reform party without consideration." Mr. Brown, in presenting the report of a committee, of which he was chairman, a few minutes afterwards, alluded to that remark as follows: He said "he scorned "the imputation. He stood here at the end of twenty-five years "service to the reform party, and he defied any man to show the first "act of selfishness of which he had ever been guilty with reference "to that party. He defied any man to show one word that had ever "crossed his lips, as the representative of the people-one motion


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"he ever made-one speech he ever delivered-one vote he ever "gave-which was not in harmony with the principles of the reform "party of Upper Canada. So far from there being any ground for 'that imputation, one great cause of this convention being called was "that he might deliver up his trust to the members of the reform party of Upper Canada, and that they should start with the new 'machinery in a position, in respect of unanimity and distinctiveness "of purpose, at least equal to that it occupied when he first took the responsibility of leading the reform ranks. It was unfortunate that "there were some reformers who took up these ideas of the conserva"tive press who, when they could not attack a man because of his "votes and speeches, took hold of these flimsy things, 'Oh! George "Brown wants to be the dictator of his party.' And it seemed as "if some reformers, by hearing this so constantly repeated in the "Tory press, really fancied there was some foundation for it. He thought if any answer were necessary to be given to all this trash, "it was to be found in the fact that he gave his vote in the executive "council that there should be a meeting of the representatives of the "people throughout the country, to take the responsibility off the "hands of individuals of declaring what were the principles and measures on which the party should go to the country." These remarks were received with the greatest applause and evidences of sympathy. The silly and stale accusation implied in the speech that Mr. Brown replied to had the effect of evoking their enthusiam for and confidence in him which all popular gatherings manifested as occasions occurred.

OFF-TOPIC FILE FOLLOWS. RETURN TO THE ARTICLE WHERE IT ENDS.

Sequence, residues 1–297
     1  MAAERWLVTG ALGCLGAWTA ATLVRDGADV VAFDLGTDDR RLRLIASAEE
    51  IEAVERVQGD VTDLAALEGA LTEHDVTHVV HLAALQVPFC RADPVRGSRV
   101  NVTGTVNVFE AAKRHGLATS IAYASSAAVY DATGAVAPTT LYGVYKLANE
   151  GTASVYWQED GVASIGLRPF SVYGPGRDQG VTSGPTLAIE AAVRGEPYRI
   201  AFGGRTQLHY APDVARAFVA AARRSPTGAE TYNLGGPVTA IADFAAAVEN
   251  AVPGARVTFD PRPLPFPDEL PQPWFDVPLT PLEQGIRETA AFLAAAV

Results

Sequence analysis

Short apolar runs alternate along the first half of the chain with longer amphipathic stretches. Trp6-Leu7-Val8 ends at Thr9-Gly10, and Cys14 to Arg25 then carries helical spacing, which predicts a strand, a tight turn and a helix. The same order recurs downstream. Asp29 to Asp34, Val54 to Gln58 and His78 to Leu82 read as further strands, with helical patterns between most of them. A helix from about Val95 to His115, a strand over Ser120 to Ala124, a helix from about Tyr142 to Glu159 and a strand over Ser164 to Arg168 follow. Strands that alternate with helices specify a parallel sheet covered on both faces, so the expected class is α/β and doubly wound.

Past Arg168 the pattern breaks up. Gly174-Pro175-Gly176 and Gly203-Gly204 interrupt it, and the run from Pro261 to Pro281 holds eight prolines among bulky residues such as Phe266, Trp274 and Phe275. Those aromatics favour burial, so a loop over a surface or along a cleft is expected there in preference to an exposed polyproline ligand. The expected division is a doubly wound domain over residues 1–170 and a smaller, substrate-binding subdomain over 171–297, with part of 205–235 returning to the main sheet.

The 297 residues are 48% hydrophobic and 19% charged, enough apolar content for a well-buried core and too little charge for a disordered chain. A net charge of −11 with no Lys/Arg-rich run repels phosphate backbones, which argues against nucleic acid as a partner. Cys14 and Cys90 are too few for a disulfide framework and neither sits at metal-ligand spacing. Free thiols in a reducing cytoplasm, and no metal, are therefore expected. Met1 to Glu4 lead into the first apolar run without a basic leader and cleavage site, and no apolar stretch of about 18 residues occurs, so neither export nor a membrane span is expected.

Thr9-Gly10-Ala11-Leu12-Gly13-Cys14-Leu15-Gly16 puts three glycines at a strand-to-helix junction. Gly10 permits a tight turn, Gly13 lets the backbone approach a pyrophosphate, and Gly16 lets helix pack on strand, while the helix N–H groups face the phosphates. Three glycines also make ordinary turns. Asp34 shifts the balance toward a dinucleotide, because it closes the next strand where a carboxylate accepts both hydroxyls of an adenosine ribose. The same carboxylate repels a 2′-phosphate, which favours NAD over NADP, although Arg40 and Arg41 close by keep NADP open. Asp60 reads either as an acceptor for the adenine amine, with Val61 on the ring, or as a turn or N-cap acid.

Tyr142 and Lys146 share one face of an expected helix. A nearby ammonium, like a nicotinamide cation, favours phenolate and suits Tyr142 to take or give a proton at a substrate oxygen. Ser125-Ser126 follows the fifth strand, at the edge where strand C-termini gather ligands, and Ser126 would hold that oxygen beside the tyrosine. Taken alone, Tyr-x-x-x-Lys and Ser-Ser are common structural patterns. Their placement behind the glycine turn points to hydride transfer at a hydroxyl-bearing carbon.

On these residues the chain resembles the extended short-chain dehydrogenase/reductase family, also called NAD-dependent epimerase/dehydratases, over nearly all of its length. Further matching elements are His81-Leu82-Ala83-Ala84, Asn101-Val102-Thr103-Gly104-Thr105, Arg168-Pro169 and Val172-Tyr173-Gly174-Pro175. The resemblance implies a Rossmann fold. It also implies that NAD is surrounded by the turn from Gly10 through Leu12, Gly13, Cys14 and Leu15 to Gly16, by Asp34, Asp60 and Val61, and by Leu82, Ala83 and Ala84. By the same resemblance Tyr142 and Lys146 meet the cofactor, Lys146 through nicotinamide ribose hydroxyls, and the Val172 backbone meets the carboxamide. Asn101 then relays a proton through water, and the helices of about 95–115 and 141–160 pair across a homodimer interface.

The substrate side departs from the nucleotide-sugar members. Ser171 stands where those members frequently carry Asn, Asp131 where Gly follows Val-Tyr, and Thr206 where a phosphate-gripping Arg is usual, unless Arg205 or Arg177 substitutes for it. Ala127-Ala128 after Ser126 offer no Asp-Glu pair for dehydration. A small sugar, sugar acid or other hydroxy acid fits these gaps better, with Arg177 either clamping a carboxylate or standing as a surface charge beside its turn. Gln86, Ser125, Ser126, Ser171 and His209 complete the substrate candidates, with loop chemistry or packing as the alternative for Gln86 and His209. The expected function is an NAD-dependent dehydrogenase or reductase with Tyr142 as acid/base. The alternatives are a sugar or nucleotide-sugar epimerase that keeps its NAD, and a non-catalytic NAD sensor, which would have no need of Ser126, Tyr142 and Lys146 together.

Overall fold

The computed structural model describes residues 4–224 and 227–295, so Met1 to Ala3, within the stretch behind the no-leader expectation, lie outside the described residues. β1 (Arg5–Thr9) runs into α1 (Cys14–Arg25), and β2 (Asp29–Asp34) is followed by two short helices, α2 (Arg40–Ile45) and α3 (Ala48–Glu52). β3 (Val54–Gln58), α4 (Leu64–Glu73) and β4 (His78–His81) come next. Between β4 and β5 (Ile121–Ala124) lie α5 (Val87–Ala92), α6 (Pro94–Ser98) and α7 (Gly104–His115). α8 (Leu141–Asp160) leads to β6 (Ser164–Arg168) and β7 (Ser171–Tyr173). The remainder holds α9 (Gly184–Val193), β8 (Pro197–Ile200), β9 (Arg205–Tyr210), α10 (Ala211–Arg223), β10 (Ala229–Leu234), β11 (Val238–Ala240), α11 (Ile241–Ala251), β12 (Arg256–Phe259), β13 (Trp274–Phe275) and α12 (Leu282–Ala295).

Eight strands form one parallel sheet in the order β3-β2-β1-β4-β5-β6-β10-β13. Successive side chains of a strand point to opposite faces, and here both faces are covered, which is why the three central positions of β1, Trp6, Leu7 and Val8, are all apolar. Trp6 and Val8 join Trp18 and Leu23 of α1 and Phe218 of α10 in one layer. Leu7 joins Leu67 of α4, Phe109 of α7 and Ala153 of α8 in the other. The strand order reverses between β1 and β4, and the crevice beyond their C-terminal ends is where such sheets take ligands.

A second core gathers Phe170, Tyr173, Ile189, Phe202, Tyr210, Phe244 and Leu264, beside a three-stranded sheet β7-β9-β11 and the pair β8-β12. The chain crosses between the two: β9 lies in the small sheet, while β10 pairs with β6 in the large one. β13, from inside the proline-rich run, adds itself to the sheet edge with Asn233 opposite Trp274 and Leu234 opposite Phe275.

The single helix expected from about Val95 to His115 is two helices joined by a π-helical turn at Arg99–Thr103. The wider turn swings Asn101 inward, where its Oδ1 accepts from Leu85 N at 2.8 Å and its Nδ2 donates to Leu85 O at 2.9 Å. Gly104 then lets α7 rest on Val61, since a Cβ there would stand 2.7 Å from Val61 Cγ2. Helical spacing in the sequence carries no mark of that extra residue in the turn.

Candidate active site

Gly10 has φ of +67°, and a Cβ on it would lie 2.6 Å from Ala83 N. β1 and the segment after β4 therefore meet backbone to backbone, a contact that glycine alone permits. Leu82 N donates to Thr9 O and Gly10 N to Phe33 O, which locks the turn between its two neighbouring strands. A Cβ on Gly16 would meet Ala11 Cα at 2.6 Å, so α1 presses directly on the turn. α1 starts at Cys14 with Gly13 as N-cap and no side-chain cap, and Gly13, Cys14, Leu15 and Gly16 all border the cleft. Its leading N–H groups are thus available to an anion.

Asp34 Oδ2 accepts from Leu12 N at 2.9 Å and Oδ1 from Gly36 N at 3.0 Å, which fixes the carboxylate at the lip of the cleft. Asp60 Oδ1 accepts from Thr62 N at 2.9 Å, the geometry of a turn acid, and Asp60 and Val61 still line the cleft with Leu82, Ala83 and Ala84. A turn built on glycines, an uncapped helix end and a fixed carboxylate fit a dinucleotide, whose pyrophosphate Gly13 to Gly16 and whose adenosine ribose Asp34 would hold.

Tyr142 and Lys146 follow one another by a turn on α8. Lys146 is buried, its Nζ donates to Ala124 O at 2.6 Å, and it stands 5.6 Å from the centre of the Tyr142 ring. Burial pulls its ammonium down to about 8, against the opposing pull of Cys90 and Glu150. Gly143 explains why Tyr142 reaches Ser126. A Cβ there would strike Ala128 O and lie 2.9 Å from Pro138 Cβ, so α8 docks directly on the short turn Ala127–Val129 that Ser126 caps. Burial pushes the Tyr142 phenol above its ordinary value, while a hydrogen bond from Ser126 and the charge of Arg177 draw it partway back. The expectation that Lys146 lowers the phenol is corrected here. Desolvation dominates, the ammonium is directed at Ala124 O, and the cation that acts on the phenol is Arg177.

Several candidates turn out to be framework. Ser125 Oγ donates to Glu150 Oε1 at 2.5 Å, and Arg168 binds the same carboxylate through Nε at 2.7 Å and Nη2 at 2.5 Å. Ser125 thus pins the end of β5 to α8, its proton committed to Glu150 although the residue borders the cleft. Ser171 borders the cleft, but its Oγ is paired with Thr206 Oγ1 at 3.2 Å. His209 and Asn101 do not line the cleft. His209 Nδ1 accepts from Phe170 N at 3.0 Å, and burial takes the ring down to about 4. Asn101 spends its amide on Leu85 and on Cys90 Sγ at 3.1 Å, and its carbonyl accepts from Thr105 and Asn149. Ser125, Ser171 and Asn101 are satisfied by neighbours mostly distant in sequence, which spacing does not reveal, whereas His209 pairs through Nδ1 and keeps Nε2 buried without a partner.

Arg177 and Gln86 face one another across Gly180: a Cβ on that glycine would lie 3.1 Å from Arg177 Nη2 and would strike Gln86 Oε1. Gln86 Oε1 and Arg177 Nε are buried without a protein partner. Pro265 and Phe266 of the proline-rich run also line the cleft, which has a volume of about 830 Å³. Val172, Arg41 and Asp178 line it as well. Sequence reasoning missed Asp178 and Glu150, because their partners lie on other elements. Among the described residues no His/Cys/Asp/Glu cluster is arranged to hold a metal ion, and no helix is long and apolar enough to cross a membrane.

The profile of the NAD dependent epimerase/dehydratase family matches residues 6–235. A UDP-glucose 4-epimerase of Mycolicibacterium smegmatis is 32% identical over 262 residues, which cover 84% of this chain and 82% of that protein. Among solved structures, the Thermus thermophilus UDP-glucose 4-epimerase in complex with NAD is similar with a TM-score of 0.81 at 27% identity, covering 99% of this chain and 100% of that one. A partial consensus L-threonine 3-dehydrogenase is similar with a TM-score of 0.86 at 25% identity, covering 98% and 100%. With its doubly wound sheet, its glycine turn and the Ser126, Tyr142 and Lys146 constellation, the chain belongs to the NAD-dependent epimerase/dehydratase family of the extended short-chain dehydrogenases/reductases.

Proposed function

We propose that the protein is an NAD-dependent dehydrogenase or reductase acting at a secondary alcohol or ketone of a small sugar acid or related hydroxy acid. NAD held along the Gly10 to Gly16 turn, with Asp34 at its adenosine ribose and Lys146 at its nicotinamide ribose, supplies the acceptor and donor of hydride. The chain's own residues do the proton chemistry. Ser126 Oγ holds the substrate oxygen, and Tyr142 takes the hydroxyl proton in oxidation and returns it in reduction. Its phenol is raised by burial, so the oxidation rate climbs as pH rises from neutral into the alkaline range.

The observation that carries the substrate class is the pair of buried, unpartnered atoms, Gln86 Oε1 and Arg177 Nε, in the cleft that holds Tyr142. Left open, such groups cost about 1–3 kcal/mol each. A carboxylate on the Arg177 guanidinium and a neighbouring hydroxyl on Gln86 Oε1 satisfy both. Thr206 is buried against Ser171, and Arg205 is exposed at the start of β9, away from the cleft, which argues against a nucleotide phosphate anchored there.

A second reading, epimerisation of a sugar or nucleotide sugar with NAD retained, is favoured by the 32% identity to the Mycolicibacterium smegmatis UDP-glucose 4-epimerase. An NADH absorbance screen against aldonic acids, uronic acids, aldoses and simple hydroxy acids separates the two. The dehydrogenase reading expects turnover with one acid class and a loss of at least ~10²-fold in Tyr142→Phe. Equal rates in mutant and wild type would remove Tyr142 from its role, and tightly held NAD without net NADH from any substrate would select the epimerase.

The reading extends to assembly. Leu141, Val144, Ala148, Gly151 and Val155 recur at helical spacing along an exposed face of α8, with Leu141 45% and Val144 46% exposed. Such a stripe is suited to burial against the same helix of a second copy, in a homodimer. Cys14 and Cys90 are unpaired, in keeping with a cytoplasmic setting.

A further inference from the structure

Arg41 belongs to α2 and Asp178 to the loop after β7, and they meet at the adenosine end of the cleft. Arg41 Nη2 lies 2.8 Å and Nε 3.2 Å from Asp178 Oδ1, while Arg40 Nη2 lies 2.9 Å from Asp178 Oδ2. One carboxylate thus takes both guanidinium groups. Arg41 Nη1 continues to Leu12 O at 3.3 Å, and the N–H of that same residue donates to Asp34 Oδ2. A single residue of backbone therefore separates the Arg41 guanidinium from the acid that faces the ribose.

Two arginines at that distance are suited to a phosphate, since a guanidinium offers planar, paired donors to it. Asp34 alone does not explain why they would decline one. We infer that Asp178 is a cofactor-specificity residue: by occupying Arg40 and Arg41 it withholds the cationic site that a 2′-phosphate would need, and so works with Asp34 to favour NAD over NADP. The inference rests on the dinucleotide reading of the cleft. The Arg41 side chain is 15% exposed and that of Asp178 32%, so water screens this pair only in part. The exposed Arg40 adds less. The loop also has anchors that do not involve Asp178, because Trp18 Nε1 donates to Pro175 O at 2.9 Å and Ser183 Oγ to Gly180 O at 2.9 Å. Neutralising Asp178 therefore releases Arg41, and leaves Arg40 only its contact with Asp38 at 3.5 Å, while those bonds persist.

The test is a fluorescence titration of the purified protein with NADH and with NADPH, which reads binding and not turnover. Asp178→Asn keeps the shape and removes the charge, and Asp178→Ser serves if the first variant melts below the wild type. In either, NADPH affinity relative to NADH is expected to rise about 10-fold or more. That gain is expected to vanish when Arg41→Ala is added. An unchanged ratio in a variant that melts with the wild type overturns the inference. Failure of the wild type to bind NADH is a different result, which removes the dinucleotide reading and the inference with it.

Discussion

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At a subsequent stage of the proceedings this feeling was more strongly shown, when Mr. Currie moved the following resolution, with a view to induce Mr. Brown to withdraw from his declared purpose of not entering parliament again: "That this convention cannot sepa"rate without expressing to the Hon. George Brown the gratitude of "the reform party, of which he has been so long the able leader, for "his services to the people of Canada, and also the earnest hope that "he will reconsider his intention of retiring from parliamentary life, "and accept a position in the legislature of the country."

When the chairman put this motion to the meeting all the people sprang to their feet and gave utterance to their feelings by prolonged cheering, showing how very heartily the whole convention appreciated Mr. Brown's past labours and desired their continuance in parliament. He replied briefly, apparently being taken by surprise, and so overpowered by emotion, as to be unable for some time to control his feelings. The following extracts from his speech have some public interest, apart even from their connection with himself: